In the Marginal Revolution, economics abandoned the cost‐​of‐​production theory of value used by the classical economists in favor of the modern, marginal theory of value.

Steven Horwitz is Economics Editor at Lib​er​tar​i​an​ism​.org and Distinguished Professor of Free Enterprise at Ball State University. Horwitz has written extensively on Austrian economics, Hayekian political economy, monetary theory and history, and macroeconomics.

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The Austrian School of Economics takes people as they are and constructs economic theories by examining the logical structure of the choices they make.This book explains the Austrian School’s insights on a wide range of economic topics and introduces some of its key thinkers.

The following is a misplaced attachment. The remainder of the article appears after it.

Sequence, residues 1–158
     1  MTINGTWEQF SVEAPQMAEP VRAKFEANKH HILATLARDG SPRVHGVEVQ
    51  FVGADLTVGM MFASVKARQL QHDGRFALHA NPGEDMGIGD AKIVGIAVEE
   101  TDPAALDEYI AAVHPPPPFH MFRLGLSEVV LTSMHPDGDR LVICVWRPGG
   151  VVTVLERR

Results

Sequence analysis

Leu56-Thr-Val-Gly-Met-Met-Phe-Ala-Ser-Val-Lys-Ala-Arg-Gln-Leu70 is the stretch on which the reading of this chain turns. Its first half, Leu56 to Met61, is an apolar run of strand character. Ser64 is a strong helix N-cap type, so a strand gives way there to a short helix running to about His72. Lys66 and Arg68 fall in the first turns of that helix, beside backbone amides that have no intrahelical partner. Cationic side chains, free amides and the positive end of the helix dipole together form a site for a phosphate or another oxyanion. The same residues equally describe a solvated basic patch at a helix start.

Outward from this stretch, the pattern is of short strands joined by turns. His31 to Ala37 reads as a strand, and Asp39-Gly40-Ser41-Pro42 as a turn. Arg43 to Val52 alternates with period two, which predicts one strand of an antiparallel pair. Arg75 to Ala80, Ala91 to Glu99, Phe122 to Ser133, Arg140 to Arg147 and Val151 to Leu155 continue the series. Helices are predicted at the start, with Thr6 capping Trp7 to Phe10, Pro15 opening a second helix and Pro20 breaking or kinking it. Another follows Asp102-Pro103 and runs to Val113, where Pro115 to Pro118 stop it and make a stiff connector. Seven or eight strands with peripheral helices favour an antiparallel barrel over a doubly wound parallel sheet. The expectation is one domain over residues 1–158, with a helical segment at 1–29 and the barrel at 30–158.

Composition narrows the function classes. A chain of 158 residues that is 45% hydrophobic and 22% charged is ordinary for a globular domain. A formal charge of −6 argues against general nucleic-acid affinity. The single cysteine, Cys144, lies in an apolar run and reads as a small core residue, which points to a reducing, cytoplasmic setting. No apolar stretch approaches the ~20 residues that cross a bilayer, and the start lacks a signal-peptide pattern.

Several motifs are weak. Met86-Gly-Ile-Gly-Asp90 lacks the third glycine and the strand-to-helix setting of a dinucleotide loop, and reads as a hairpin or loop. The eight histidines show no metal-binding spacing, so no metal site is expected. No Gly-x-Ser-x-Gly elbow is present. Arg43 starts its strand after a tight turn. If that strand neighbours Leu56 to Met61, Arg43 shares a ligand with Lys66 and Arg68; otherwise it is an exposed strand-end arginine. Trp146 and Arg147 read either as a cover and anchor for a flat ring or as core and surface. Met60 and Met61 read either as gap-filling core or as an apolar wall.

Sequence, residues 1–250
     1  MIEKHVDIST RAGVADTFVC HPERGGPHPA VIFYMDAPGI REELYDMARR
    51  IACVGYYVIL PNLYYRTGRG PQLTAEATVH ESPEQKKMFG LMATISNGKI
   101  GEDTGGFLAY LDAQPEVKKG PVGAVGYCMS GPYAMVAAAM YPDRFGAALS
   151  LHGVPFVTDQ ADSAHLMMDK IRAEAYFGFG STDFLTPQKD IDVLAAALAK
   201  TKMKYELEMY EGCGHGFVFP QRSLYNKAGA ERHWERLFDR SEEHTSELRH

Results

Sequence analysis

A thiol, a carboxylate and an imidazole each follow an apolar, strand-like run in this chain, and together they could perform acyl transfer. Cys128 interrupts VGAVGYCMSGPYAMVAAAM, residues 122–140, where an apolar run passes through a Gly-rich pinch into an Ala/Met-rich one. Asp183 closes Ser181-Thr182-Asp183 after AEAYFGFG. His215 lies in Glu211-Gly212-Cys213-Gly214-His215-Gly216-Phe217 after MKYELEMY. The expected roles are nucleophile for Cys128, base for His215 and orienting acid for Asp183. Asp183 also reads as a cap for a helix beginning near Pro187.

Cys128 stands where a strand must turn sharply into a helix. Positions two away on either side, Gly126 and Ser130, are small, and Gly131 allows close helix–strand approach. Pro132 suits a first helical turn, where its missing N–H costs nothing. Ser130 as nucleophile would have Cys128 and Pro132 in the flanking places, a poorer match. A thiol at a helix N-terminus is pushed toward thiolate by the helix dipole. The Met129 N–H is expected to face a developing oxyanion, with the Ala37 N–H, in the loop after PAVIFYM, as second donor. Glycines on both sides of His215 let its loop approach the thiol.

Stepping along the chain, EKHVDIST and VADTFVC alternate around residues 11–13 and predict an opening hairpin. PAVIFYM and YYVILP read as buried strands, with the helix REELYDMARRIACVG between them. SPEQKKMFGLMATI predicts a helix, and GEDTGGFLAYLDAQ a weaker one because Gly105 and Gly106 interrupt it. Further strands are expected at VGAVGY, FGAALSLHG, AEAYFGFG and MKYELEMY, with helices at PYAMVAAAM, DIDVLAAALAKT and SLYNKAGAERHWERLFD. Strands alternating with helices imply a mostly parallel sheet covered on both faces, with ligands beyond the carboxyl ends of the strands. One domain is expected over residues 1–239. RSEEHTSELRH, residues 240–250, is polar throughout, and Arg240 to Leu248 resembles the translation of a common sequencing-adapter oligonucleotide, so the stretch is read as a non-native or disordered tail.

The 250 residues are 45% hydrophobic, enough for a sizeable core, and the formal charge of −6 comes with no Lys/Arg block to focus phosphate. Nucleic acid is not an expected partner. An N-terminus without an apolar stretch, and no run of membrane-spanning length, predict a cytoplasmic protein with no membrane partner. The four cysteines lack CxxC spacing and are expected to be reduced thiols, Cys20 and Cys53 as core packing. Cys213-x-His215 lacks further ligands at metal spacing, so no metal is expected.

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Summary:

In the Marginal Revolution, economics abandoned the cost‐​of‐​production theory of value used by the classical economists in favor of the modern, marginal theory of value. This new theory said that value, and prices, depend on the usefulness to an individual consumer of an additional unit of a good, as opposed to the usefulness of the entire stock of the good. One of the three economists who independently arrived at the marginal theory of value was Carl Menger. Menger is the first Austrian School economist, and his emphasis on the subjectivity of economic value remains a big part of Austrian economics today.